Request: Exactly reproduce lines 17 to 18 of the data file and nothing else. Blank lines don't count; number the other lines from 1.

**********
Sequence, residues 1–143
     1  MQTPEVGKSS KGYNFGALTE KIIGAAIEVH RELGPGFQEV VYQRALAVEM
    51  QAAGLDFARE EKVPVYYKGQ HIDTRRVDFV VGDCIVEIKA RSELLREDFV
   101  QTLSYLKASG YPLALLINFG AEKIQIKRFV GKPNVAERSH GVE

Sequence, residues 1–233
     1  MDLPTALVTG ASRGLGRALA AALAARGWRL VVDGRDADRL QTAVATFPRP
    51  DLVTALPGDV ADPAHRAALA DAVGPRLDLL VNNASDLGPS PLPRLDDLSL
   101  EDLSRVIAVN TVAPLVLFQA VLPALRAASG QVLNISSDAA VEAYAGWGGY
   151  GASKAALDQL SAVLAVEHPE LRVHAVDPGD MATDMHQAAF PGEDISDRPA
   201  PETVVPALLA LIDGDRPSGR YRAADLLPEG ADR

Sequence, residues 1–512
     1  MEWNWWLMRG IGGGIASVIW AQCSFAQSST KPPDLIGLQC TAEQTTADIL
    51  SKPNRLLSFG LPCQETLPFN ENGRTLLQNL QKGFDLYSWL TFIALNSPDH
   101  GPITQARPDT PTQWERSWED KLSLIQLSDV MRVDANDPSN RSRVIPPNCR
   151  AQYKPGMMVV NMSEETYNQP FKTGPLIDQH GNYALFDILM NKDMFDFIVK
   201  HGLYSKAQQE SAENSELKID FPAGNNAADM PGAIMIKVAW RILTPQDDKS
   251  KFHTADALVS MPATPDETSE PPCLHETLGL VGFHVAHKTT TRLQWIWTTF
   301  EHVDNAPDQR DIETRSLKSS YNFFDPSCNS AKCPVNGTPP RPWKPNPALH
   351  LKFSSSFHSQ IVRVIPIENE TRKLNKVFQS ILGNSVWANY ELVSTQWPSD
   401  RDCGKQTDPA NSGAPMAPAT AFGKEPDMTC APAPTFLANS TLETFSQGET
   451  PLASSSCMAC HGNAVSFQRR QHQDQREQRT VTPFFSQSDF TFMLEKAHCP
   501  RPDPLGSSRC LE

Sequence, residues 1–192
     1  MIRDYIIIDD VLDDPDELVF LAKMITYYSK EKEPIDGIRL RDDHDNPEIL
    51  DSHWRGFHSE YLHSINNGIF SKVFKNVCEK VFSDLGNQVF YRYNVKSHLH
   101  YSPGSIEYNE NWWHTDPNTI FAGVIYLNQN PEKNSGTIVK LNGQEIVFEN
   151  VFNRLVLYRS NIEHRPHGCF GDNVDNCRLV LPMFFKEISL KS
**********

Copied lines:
   251  KFHTADALVS MPATPDETSE PPCLHETLGL VGFHVAHKTT TRLQWIWTTF
   301  EHVDNAPDQR DIETRSLKSS YNFFDPSCNS AKCPVNGTPP RPWKPNPALH